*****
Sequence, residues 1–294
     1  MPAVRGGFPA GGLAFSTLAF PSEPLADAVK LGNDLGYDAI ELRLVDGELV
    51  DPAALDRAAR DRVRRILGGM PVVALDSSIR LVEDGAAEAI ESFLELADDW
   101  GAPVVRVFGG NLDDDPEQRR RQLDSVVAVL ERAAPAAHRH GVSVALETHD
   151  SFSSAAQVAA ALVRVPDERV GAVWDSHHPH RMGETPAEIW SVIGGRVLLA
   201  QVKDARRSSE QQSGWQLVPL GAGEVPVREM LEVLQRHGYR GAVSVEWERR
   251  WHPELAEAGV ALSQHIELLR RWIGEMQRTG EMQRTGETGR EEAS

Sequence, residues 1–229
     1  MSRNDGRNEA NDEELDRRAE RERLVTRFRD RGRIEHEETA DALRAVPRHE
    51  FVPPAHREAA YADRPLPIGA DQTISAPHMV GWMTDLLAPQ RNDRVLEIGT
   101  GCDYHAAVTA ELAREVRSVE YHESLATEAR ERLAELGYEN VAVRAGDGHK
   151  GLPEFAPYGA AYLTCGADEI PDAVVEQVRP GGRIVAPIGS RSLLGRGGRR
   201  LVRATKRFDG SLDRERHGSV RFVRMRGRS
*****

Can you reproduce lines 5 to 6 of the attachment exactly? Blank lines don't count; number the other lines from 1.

   151  SFSSAAQVAA ALVRVPDERV GAVWDSHHPH RMGETPAEIW SVIGGRVLLA
   201  QVKDARRSSE QQSGWQLVPL GAGEVPVREM LEVLQRHGYR GAVSVEWERR